Small, fat and the fastest long distance flyer on the planet
It's small and with its rather round body shape doesn't exactly look athletic but the great snipe can fly further, faster without rest than any other creature on the planet.
Starting in Sweden, these incredible travellers put in a 60-mile-an-hour two day shift to arrive 4,200 miles away south of the Sahara in Africa.
Raymond Klaassen, a biologist at Sweden's Lund University published the research in the online journal Biology Letters after tagging 10 great snipes with trackers in western Sweden in May 2009. A year later, three of the birds were recaptured back home in Scandinavia and the story of their incredible journey was reveals.
Snipes are so famous for being on the portly side that 19th Century hunters reported that birds were so far that they blew open when they hit the ground. But, while we think of human athletes as being svelte and slim, the snipe uses these fat reserves as fuel for their flight.
"They almost double their body weight before the flight," Klaassen said. "And all this fat will be burned during the flight, and they will arrive lean and exhausted in Africa."
Most bird which migrate long distances do so relatively slowly. For example, the Arctic tern treks a mind-boggling 50,000 miles a year, but takes it at a very steady pace, taking several months with plenty of fishing trips along the way.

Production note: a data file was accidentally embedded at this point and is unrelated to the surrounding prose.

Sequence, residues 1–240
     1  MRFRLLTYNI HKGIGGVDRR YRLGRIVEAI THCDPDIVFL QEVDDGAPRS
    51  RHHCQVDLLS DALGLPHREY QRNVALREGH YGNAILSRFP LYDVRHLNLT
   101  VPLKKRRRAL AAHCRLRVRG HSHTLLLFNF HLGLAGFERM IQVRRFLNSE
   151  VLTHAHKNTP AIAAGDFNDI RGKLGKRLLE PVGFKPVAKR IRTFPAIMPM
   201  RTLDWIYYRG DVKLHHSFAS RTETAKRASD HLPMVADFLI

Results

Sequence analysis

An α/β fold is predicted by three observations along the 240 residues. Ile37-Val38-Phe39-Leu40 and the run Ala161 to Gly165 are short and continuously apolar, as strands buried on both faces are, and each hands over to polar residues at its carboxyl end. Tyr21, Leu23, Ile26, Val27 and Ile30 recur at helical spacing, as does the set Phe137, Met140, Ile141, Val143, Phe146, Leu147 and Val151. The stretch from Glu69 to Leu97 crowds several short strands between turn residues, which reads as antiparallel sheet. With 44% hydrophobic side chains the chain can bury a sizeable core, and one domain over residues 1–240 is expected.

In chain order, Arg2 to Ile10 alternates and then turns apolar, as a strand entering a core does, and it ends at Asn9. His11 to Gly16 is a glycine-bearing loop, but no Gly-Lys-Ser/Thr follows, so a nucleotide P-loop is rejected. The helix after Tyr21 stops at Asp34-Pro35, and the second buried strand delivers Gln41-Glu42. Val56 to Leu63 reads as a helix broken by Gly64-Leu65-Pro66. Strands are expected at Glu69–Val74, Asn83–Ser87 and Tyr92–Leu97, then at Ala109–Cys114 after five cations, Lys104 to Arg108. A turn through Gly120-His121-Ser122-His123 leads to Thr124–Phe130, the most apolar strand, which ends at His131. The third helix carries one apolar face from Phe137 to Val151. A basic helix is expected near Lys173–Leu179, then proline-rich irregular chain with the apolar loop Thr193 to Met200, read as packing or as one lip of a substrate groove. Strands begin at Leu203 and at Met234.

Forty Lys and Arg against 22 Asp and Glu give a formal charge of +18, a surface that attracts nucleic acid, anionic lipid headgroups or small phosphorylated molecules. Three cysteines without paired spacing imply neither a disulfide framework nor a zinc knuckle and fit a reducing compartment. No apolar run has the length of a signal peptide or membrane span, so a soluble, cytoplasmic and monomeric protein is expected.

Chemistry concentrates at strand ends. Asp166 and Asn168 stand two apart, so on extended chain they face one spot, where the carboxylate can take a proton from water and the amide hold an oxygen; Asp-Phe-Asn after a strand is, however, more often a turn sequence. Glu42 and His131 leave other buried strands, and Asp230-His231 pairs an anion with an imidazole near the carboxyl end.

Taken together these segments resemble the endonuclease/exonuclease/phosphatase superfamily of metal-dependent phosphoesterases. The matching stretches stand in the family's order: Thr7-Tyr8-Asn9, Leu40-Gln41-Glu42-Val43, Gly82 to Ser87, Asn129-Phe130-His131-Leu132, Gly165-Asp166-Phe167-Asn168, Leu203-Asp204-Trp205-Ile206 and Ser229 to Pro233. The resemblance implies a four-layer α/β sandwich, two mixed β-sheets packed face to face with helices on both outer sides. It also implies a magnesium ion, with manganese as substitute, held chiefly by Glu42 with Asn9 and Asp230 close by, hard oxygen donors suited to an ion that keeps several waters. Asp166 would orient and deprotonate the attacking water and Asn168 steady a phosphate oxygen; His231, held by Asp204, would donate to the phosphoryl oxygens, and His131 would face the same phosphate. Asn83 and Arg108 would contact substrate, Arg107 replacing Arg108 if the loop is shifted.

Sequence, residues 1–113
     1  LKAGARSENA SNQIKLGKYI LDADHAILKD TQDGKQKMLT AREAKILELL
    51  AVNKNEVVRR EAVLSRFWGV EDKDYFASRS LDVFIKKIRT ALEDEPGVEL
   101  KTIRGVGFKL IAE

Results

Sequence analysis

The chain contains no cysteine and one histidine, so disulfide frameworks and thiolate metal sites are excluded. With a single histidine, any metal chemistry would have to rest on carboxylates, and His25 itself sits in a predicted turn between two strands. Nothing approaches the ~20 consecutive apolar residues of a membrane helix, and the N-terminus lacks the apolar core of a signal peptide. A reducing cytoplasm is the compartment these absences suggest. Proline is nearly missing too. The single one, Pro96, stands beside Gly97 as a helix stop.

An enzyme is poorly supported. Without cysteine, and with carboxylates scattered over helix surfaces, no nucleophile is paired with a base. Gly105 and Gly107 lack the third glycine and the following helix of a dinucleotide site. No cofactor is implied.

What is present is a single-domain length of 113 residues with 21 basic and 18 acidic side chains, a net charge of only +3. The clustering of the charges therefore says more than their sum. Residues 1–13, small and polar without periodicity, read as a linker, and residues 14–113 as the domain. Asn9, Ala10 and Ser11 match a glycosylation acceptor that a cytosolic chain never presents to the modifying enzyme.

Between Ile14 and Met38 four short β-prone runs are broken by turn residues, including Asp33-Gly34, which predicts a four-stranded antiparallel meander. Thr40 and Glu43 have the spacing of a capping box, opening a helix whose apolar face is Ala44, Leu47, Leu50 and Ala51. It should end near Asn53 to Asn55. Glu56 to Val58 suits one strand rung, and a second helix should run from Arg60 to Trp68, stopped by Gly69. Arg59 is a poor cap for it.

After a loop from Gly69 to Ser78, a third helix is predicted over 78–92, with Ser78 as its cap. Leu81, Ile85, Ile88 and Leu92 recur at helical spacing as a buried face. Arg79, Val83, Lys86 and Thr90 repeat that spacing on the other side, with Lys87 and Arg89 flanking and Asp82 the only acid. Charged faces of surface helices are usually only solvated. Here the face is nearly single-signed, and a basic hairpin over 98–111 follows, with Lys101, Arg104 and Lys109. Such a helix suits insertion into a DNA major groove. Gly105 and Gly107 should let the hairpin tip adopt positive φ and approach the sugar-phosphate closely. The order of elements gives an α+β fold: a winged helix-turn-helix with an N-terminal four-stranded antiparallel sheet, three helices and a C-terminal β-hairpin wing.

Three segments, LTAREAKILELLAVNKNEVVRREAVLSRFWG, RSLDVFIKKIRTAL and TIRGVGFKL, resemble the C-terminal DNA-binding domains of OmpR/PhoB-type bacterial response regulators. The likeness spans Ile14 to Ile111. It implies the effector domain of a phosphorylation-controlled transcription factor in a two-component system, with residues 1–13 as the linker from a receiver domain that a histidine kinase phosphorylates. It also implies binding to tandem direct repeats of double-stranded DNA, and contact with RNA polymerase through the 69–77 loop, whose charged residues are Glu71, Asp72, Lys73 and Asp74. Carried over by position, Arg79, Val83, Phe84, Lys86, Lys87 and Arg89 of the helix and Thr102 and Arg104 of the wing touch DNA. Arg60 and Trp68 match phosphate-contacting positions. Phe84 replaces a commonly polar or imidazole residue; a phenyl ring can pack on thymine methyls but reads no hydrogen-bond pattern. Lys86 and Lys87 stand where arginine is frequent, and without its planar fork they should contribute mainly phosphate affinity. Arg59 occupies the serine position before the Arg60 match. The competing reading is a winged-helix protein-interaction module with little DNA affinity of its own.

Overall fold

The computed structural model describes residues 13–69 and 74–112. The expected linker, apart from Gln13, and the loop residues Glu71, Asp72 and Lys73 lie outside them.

The fastest bird in the world, the peregrine falcon, gets up to 200-miles-an-hour, but these are just short sprints usually while diving for prey.
A similarly unprepossessing wader is the snipe's closest rival, which has been recorded travelling 7,000 miles in nine days at an average speed of around 35-miles-an-hour.
"[One] difference between the godwits and the snipes is that the godwits travel over the ocean, and thus have no possibilities to stop," Klaassen said. "Hence, their amazing flights are not their choice."
Snipes, however, could easily stop off in any number of European resorts on their way to Africa; and in fact do take rest breaks on their return journey to Sweden. Klaassen says that the latest research suggests the birds are able to 'sleep' while flying by resting half of their brain at a time.
While the snipe basks in record breaking glory for the moment, Klaassen believes the record may not last long, as new miniaturised tracking devices are yet to be used on many species.
Image: Snipe. Credit: © Thijs Schouten